The film had its premiere at the Sundance Film Festival in Jan 2004 and subsequently was shown and received prizes at many international festivals, among them, Cartegena, Sundance, Deauville and Berlin, where, according to a Jul 2004 LAT article, an audience member fainted during the scene where Maria swallows the pellets. Just after Easter, the film opened in Colombia. According to Moreno in a Jul 2004 NYT article, it may have “altered the lives of Colombian filmgoers whose only knowledge of mules came from [airport] posters." The Washington Post review claimed that Patricia Rae, who played “Carla” in the film, delivers “the movie’s most moving soliloquy on the mixture of grief, longing, pride and bravery that define the immigrant experience.” According to the website and the NYT article, “early in June, a 17-year-old boy called from Bogotá to say he had seen the film two days before and as a result had changed his mind about transporting drugs to the United States.” Maria Full of Grace opened in Los Angeles and New York in mid-Jul 2004, followed by a limited general release.
       Because the film’s dialogue was mostly in Spanish, and because Oscar submissions for foreign-language films may only be made by the country in which they are made, Maria Full of Grace was ineligible for an Academy Award nomination in the foreign-language category, but Catalina Sandino Moreno received a nomination for Best Actress. The film garnered many other nominations and awards, among them: Best First Film and Debut Director from the New York Film Critics Circle; and five nominations for Independent Spirit awards from the IFP, Best Feature, Best Director, Best Female Lead, Best Supporting Female and Best First Screenplay from . Marston won the Best First Screenplay and Moreno won the Best Female Lead award from the IFP. Moreno was co-winner of the Silver Bear for Best Actress at the Berlin Film Festival and was nominated for Best Female Actor by the Screen Actors Guild. The film was named one of the top foreign films of 2004 by the National Board of Review, and was one of AFI’s Top Ten Films of 2004.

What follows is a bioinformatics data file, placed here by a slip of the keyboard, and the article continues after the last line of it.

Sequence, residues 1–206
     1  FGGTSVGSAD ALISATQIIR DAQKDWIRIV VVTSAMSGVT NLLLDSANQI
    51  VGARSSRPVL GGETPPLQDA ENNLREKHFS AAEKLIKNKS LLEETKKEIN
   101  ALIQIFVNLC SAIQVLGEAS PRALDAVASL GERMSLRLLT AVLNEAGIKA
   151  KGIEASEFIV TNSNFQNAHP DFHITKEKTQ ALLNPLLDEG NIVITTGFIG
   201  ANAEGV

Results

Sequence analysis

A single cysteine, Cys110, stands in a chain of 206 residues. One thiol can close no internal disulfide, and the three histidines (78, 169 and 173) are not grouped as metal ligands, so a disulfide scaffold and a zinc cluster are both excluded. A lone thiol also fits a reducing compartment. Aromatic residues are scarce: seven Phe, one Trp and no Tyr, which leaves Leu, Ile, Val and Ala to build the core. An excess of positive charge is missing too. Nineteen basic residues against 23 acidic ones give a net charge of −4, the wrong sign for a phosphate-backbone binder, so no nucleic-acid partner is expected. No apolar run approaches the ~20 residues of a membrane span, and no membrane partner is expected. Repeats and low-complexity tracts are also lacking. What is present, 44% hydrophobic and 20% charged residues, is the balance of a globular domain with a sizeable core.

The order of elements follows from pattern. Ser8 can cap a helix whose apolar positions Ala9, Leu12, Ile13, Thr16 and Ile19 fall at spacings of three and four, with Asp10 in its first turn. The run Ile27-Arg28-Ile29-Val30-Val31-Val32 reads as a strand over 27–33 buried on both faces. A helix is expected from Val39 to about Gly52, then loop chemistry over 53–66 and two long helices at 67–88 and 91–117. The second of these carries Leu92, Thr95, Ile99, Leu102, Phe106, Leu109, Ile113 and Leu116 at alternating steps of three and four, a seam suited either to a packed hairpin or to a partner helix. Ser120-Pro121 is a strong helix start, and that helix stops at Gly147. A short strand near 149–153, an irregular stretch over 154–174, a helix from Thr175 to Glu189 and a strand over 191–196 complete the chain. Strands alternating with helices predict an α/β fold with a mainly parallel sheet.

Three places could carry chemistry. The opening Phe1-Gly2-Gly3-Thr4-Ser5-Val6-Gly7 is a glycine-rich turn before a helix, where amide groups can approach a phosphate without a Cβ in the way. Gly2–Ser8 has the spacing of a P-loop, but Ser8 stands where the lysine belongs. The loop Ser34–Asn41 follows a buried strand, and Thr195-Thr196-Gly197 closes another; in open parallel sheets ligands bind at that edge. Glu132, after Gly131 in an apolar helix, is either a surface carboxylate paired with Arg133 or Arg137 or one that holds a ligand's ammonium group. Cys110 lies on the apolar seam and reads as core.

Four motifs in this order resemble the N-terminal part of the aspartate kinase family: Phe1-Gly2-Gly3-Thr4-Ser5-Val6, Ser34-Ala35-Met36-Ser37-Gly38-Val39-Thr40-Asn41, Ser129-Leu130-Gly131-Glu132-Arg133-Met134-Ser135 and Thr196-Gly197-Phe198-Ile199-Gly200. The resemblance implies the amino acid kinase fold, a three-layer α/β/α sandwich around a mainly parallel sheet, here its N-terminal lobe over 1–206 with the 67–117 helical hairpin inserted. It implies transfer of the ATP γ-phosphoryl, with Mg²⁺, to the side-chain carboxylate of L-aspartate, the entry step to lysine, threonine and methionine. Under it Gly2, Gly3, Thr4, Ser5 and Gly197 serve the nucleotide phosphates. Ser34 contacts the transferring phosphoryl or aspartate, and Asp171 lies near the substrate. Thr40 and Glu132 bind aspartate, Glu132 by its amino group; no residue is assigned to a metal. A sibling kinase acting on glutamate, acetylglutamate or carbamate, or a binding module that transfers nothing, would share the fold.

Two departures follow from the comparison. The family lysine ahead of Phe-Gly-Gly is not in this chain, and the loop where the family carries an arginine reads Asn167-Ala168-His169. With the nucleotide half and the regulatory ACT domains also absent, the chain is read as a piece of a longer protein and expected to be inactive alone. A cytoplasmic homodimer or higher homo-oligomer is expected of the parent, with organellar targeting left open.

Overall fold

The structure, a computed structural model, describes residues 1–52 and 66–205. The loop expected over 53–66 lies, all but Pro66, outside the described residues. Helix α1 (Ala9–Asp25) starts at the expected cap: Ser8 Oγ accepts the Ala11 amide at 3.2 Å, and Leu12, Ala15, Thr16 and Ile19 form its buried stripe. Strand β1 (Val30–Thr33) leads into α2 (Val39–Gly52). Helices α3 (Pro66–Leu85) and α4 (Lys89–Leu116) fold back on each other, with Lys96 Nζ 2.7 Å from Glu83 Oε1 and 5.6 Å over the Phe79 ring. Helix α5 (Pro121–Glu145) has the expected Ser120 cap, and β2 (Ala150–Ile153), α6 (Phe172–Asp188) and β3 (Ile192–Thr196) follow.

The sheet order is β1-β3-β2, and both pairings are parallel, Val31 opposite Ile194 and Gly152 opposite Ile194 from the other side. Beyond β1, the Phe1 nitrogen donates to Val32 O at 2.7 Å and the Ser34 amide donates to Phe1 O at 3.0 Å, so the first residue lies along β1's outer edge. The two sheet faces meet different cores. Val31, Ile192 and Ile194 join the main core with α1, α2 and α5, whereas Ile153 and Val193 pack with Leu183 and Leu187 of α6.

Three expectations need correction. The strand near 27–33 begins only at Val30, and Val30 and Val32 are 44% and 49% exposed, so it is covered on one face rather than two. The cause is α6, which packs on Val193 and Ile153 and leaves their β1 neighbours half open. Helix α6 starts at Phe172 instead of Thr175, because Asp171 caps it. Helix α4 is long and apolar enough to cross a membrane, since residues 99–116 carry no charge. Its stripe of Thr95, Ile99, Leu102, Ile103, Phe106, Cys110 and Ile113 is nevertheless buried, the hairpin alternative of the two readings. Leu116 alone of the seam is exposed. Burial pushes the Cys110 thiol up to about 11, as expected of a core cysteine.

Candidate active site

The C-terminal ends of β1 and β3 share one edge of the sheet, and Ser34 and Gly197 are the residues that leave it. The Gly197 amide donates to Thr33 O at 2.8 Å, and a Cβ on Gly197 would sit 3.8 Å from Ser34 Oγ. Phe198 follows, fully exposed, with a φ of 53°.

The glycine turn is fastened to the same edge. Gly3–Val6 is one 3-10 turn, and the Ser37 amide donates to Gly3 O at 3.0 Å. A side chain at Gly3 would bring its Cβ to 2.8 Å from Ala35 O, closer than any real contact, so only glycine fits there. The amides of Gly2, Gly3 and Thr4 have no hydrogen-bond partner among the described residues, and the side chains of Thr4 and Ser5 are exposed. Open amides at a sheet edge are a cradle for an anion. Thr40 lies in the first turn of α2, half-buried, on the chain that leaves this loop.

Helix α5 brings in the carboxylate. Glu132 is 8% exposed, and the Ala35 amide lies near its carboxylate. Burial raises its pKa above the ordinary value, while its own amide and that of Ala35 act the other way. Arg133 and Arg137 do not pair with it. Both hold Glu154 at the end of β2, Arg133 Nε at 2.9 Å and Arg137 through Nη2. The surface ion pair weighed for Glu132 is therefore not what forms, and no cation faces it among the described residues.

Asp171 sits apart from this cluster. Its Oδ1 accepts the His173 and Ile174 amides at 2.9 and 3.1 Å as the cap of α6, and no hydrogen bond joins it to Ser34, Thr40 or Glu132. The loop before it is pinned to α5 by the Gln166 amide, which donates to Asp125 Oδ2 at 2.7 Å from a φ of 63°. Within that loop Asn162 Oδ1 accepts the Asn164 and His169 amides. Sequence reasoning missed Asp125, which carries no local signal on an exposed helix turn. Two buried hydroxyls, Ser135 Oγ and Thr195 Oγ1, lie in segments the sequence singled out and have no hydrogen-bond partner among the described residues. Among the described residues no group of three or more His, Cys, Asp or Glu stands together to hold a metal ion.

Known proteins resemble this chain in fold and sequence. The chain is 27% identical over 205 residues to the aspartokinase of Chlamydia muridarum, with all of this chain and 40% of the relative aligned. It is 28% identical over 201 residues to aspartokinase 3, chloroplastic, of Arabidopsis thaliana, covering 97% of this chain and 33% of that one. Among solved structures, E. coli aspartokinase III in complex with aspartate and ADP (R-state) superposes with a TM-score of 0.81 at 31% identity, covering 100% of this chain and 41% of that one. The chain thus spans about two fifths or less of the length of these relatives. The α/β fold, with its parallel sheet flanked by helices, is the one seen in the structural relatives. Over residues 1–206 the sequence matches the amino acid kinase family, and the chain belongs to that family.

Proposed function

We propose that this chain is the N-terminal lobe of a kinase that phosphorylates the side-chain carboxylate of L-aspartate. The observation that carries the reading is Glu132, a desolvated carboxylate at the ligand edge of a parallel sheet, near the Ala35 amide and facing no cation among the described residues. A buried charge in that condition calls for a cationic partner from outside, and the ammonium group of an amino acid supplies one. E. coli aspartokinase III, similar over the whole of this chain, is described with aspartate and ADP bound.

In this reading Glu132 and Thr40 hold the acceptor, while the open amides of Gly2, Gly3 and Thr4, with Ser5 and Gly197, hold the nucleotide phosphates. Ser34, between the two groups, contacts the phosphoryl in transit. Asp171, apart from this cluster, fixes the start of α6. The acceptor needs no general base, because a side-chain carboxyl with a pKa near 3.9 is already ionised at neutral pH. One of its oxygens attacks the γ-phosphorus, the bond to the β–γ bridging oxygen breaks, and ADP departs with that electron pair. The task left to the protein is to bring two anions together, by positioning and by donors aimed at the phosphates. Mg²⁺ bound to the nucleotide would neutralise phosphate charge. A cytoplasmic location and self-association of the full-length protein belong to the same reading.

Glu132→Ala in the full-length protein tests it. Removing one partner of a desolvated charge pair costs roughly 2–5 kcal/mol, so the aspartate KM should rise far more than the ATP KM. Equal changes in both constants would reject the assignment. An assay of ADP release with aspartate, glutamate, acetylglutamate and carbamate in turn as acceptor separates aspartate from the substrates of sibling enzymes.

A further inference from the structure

Bibliographic Sources:   Date   Page
BackStage West   15 Jul 2004   p. 14.
Daily Variety   14 Jan 2004.   
Daily Variety   21 Jan 2004.   
Daily Variety   22 Jan 2004.   
Daily Variety   23 Jan 2004.   
Daily Variety   9 Nov 2004.   
Daily Variety   19 Nov 2004.   
Entertainment Today   16 Jul 2004.   
Entertainment Weekly   23 Jul 2004.   
Hollywood Reporter   22 Jan 2004   p. 12, 29.
Hollywood Reporter   3 Aug 2004.   
Los Angeles Times   11 Jul 2004.   
Los Angeles Times   16 Jul 2004   Calendar, p. 11.
Los Angeles Times   4 Aug 2004.   
LA Weekly   16-22 Jul 2004   p. 34.
New York Times   26 Jan 2004.   
New York Times   11 Jul 2004   p. 9, 16.
New York Times   16 Jul 2004.   
New Yorker   26 Jul 2004.   
Newsweek   9 Aug 2004.   
Screen International   30 Jan 2004.   
Time   2 Aug 2004.   
The Times (London)   28 Oct 2004.   
The Times (London)   30 Oct 2004.   
Variety   26 Jan 2004.   
Village Voice   14 Jul 2004.   
Vogue   Jul 2004.   
WSJ   16 Jul 2004.   
Washington Post   30 Jul 2004   p. C01.